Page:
by John Wombell (NOSAS)
There are 12 known Pictish Eagle carvings, all in the RCAHMS publication of 2008 ‘The Pictish Symbol Stones of Scotland’. They vary considerably and by far the best known and the best preserved is on the Clach an Tiompain at Strathpeffer (HER MHG43542) meaning the ‘sounding stone’ but known more widely as the Eagle Stone.
There are many images of it in circulation but a week ago I took a new set of photos which Alan Thompson kindly processed for me using photogrammetry (see images above and below, as well as on Sketchfab). The reason behind this was that I wanted to try to produce an engraving of it on wood and needed to see more detail that is not visible to eye or touch at the stone.
The Eagle Stone has had several lumps bashed off it in the past removing part of the horse shoe symbol and the eagle’s rear end. Otherwise damage to the carving is minimal with only part of the eagle’s leading leg either fallen or bashed off.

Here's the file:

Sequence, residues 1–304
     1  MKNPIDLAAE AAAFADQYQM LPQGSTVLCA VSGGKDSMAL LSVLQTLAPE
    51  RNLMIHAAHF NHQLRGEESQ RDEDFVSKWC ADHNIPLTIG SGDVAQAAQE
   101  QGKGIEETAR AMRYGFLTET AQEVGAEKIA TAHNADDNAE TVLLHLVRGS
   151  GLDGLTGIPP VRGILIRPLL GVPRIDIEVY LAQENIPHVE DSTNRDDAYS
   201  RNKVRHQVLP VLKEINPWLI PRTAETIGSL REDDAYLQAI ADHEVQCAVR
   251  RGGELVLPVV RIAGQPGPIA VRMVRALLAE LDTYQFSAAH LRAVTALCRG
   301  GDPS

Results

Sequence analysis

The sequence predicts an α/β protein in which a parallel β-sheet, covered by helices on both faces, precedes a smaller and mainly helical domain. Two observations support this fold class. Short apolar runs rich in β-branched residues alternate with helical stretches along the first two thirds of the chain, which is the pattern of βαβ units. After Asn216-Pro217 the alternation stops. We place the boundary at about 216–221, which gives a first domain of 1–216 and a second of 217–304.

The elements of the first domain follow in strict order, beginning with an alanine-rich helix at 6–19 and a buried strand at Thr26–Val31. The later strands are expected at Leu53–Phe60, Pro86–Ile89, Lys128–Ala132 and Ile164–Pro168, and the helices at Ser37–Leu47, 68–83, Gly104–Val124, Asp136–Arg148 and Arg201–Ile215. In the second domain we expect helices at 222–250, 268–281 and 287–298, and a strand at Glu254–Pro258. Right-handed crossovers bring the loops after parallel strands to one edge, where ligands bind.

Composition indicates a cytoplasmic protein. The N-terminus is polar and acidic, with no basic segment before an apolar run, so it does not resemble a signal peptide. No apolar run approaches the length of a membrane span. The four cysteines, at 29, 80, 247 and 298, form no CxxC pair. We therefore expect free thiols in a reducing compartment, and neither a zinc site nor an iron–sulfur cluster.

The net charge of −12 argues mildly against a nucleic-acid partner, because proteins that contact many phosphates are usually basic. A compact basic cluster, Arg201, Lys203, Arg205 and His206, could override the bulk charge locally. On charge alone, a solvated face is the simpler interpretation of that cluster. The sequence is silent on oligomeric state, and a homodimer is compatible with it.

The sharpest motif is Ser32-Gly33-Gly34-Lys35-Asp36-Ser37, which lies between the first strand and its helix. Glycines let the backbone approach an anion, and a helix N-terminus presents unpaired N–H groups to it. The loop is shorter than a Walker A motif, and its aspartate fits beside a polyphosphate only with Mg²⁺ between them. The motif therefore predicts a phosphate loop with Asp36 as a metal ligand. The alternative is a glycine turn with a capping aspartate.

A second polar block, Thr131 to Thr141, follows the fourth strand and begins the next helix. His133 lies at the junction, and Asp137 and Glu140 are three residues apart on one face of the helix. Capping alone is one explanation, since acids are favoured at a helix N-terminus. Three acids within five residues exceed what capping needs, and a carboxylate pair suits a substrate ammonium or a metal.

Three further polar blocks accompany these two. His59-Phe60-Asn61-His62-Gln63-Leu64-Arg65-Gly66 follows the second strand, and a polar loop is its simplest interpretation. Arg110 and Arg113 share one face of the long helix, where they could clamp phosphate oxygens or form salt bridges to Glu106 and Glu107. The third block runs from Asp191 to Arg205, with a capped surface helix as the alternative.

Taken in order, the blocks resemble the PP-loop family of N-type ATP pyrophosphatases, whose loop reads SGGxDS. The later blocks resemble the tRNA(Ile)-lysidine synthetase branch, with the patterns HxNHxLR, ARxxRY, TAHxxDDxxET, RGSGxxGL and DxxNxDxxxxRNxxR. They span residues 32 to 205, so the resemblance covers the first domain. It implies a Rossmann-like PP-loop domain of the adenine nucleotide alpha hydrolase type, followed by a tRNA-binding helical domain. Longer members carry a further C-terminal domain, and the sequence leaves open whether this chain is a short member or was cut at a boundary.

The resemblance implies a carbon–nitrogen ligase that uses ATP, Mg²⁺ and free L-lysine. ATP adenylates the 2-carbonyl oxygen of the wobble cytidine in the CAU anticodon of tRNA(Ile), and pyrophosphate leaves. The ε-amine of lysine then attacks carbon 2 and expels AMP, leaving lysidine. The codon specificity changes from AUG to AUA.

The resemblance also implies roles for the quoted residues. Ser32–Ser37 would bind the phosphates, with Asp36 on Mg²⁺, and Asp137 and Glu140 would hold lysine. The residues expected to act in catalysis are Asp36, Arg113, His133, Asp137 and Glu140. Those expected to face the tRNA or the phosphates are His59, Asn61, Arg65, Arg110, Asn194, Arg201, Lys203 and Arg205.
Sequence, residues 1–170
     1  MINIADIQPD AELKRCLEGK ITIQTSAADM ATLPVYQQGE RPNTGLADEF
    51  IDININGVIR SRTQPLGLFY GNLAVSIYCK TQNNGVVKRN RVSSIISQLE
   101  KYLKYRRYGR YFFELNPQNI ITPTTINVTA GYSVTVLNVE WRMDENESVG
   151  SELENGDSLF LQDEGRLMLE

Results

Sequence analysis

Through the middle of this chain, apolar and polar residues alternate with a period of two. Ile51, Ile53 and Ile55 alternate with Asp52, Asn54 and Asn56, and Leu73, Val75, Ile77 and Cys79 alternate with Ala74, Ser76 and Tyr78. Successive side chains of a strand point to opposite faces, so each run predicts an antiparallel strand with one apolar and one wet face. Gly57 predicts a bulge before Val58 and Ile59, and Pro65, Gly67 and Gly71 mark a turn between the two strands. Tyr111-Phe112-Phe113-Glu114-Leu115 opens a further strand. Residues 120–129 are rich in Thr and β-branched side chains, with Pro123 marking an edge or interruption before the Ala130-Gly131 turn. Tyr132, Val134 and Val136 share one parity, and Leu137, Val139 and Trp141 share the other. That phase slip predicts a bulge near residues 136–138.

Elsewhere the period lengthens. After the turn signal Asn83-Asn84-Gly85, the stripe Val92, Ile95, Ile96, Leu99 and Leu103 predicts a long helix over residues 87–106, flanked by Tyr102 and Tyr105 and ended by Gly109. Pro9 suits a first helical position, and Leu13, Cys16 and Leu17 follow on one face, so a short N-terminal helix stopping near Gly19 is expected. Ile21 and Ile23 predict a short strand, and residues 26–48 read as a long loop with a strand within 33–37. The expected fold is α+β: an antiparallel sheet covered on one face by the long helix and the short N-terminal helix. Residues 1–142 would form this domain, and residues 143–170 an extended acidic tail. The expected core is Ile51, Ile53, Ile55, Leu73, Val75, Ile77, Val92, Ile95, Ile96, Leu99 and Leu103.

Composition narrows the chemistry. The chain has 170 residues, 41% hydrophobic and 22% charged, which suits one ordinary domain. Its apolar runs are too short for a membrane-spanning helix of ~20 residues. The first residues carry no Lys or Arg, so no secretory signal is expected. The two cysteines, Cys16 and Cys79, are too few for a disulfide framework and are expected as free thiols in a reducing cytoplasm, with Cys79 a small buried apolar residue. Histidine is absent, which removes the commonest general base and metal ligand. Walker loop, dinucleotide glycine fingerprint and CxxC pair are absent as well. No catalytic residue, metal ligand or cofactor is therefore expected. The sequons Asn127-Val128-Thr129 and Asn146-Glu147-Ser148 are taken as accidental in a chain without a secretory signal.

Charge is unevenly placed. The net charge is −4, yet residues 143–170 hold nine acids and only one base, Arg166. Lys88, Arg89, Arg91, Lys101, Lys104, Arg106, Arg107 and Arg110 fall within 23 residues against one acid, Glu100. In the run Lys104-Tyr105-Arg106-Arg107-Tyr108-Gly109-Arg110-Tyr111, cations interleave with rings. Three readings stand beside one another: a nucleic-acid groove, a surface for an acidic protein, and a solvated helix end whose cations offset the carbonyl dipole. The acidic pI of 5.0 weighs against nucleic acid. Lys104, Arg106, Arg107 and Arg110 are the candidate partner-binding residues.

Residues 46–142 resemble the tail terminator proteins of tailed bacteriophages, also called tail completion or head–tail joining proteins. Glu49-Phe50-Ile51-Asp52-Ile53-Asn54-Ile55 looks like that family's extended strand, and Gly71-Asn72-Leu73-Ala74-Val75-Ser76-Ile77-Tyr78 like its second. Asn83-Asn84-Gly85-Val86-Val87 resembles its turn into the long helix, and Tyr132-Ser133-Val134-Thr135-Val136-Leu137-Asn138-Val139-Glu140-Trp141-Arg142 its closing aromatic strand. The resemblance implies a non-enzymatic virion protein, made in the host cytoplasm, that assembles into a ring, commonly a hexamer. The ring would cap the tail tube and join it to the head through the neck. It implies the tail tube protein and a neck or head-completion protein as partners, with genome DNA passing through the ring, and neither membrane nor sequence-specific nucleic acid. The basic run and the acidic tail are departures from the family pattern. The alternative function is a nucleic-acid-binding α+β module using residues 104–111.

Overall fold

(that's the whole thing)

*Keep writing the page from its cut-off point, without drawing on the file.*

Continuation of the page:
My dilemma was whether to give the eagle a tail or not. I feel sure that unlike most Pictish eagles this one was drawn from a live eagle depicted walking. It is correct in a lot of detail even though the carving is full of symbolism. I decided to give my version a short dipped tail represented as two feathers after one of the Orkney eagles. Continue reading